Volunteering isn’t something we go to do for other people, because we pity them or because we have something they lack, even.

It’s something we do because we’re part of a connected world, and because it’s how we live consistently with our values and give ourselves the opportunity to connect meaningfully with the larger society.

The cliche, of course, is that volunteers ‘get as much as they give’, but, for me, it’s not about how good I feel when we help, it’s about what I’m doing to cultivate the kind of kids I want to raise.

Those who serve because they crave justice, I hope.

Because it’s my kids’ birthday, if anyone wants to gift us some great ideas of how children can volunteer–organizations renowned for working collaboratively with our youngest servant advocates, or inspiring models–we would be grateful.

And, on this special day at my house, a toast to family–that which lives within our walls, and that which surrounds us, in all humanity.

It only takes one

Helene Jacobs, from the German Resistance Memorial Center

Helene Jacobs, from the German Resistance Memorial Center

So, yes, I was that person reading about Nazi Germany at the beach.

It’s sort of how I roll.

Specifically, I read The Forger, a short memoir about a young Jewish man who survived in wartime Berlin in large part due to his skills as a graphic artist (he forged documents that helped to save the lives of other Jews, hence the title) and his brazen daring.

But also the kindness and courage and generosity of Helene Jacobs, now officially honored for her sacrifices, who gave up her engagement because her fiance supported the Nazis and then sheltered the protagonist, Cioma Schonhaus, during the war.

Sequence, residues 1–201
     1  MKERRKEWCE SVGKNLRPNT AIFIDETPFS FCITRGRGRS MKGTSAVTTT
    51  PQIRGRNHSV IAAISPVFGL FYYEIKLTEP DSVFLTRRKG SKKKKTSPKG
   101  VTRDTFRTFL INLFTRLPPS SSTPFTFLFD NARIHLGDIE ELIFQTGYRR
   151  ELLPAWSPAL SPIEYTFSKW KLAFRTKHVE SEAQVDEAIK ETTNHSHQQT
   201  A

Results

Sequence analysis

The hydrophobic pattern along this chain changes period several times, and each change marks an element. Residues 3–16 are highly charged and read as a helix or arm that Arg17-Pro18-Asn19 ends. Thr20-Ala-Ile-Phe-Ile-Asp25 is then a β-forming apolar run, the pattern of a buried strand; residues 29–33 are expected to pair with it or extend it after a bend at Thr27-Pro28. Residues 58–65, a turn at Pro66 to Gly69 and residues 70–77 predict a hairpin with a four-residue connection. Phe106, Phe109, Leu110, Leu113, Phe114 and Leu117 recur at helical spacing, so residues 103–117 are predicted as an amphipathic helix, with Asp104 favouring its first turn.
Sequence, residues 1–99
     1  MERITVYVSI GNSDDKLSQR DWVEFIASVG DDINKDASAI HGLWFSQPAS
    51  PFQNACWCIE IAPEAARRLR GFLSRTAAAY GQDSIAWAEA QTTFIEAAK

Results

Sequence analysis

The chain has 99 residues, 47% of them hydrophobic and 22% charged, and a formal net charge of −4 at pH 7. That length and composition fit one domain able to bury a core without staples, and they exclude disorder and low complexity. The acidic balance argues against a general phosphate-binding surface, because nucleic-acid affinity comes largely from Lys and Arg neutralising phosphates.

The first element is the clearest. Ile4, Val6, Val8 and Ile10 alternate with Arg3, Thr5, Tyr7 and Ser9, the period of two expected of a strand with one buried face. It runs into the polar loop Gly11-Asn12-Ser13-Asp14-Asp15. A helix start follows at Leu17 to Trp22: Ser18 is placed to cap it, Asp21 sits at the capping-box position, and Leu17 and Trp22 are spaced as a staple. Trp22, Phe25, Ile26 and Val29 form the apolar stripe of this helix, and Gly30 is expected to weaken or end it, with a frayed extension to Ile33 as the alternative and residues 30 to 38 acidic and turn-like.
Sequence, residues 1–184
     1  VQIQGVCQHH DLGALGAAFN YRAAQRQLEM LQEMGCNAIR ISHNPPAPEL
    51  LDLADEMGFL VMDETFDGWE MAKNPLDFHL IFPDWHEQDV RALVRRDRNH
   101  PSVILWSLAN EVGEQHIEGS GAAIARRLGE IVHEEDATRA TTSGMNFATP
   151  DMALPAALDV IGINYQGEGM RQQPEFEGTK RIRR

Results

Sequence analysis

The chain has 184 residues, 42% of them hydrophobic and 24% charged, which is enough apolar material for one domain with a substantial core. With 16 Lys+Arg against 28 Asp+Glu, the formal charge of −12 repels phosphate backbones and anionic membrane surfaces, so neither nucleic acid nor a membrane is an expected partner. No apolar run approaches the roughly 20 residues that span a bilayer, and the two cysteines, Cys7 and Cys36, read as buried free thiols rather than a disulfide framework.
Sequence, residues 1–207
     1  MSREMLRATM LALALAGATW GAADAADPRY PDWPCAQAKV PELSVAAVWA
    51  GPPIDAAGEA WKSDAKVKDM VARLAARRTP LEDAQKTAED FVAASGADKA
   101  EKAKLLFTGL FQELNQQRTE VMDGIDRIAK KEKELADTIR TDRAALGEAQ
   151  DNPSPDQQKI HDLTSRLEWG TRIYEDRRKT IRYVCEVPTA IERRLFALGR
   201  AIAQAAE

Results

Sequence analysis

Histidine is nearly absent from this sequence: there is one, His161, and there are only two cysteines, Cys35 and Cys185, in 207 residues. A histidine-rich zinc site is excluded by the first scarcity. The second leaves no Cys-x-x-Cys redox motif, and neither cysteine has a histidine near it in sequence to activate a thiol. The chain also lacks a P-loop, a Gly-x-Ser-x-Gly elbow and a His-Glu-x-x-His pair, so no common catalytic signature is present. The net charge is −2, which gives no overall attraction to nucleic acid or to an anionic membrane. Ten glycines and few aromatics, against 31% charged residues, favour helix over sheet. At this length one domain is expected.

And afterwards, when his entire family had been slaughtered in Nazi camps, he reflected that he could still survive and, indeed, could still keep going every day largely because his relationship with this one German counteracted the brutality leveled by so many.

Knowing Helene Jacobs and seeing her goodness and selflessness inoculated him, in some ways, against the bitterness and hatred that would be–still today–so completely understandable.

And, so, while I’ve never been a ‘starfish’ person, never bought into the ‘power of one’, all that much, because I believe in building movements and changing systems…

it made me think.

When can we be that one?

Not trying to change the world on our own.

Not contenting ourselves with providing salves against the injustice and destruction that characterizes so much of our world.

But just interacting with others in such ways that we can restore their faith and hope, at the moments when they need it most, and being beacons of decency in a world that can use a lot more of it.

Because if Ms. Jacobs could single-handedly not only save a life but sustain that light, in the midst of so much darkness,

can’t we?